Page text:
You want to introduce animal agriculture to the Waiwai to keep industrial ag away, ignoring that you've been told there are large international payments being made to Guyana to prevent that and logging. You blithely think there'd be no harm in bringing non-native herbivores into what is already a delicate natural ecosystem. You've been 'experimenting' in Missouri, on already established pasture, with deep fertile topsoil and a reasonable rainfall. You think it'll be the same with thin infertile soil and 4 metres annual rainfall. You have no thought for the effects of one thing on another - does not even cross your mind. You won't learn about delicate native species that might be especially vulnerable. You'd be a menace.
17
Once again...

I see you as people who like to talk about science on the internet.

You don't really see us as people, Dave. You make absolutely no effort to get to know us as people. You don't engage in the kind of incidental conversation that lets the rest of us learn personal things about each other as individuals. You never leave your own threads, just like Pahu and GIA and Socrates*. You are not interested in us as people, only in arguing and preaching at us.

*Including you, three Creationists and a cranky neo-gnostic. Notable.
18
You're leaking a bit of megalomania there, Dave.
19
Canadian First Nations fighting to maintain their ecosystems against the onslaught of industrialization. These industrialists try to legitimize their destructive agendas by commissioning scientific studies by academics like Voxrat.

https://www.aljazeera.com/indepth/opinion/2015/09/lost-forests-middle-east-environment-lebanon-rubbish-150902115715642.html

You should note that maintaining their ecosystems does not include farming goats, sheep, or cows. Unlike you, Haida FN wish to live in harmony with nature, not turn her rainforests into pastures.
20
Will there be 5 year plans, Dave?
21
This is hilarious.
Laugh if you like but we have to come up with something better than what they're doing here in Missouri anyway.  I've already mentioned the perfect example of our stupid land policies here in our area. Recently 138 good Acres of mixed pasture and trees was sold to a row crop farmer and he immediately ruined it by tilling it up.  A lot of homeless people and people on welfare could have been placed on that land and taken off welfare rolls.

But no.

And the reason it's "no" is because of people like Borealis laughing at better ideas.

That was sooo not what I was laughing at, David.
23
Mindless blathering

You never recognise knowledge or information if it even marginally conflicts with your rooted, wrong position.

You don't know what you've killed. You don't know what you've encouraged.

You're a proud know-nothing.
24
Borealis says ...

"Because ordinarily you don't care in the slightest about wildlife or wild plants,"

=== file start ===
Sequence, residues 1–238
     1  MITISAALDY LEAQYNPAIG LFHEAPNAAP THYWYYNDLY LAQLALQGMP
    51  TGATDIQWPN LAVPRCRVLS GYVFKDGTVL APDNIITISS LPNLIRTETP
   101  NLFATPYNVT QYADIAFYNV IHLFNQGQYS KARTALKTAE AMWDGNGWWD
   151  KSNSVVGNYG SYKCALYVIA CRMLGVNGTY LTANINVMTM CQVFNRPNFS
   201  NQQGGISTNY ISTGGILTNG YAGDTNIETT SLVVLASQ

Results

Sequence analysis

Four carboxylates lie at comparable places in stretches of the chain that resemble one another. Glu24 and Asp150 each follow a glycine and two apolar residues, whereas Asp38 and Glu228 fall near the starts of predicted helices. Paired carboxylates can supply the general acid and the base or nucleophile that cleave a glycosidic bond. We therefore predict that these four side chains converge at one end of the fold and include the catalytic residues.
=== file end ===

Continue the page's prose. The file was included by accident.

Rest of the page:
Wrong.

I don't KNOW much about various wildlife or wild plants.

That's different than not caring.

I do care.  And I know the best way to care for them is to manage the keystone species properly. If you do a good job of this, there is no need to have all that detailed knowledge of all the downstream stuff.


You don't know that. You think you do. You may be entirely mistaken as to what any alleged keystone species even is. On the tundra, you might think it was caribou. Or wolves. But it is probably reindeer moss, a lichen. Or Arctic Foxes, whose dens function as fertile oases, nurseries for many species. Without the moss, no caribou. Without the foxes, a much more barren landscape and the possible extinction of several small rodent species and a variety of insects.

There is an interconnectedness which is not well-described by the keystone species trope, which focusses too much on large, obvious mammals. Sometimes the mere removal of a large tree will change the biome sufficiently, via loss of shade, to kill formerly thriving plants. When I moved here, there was a small stable population of the wild orchid, Goodyera pubescens, in the woods near the lake. During a hurricane, several trees fell around the spot where they grew. And the orchids all died from too much light.

But you, with your blasé notions of magickal keystone species as the ONLY thing that affects species survival, would not even have known a species disappeared.
25
Of course I'm not yet feeding even one person yet. Not my goal yet. My immediate goal is to develop sustainable systems.  A LATER goal will be maximizing calories per acre.
... and a still LATER goal will, presumably, to get at least one other human on the planet to sign up with your program.
And still LATER than that goal will be to become the Savior of the Guyanese Wai Wai.

(Then on to Saving* The World!)

* (Partly by Saving Agriculture; partly by enthusiastically supporting Donald Trump and his band of ecology-despising billionaire oligarchs. )


Given what I've read so far, the Waiwai are well on their way to saving themselves, with some local and international help.

I can't help but wonder how much of what Dave relates as to his friendship with the current Waiwai chief is really just the chief being polite and maybe trying to see if Dave really is capable of useful input.

There's a scene in Black and White in Colour, which is set in Cameroon in WWI... the main story in the film is, of course, about white people, in particular the French and German outposts. But there are also two priests, who spend much of their time 'converting' the local black people, forcing them to exchange indigenous art works for plaster Marys. They then sell the art in Europe. At one point the priests are being carried through forest on litters carried by locals. The porters are singing a call and response chant. One of the priests sighs and says "I just love this song!" Meanwhile, a translation rolls across the bottom of the screen: Call: "My priest is very heavy" and response: "But my priest's feet stink."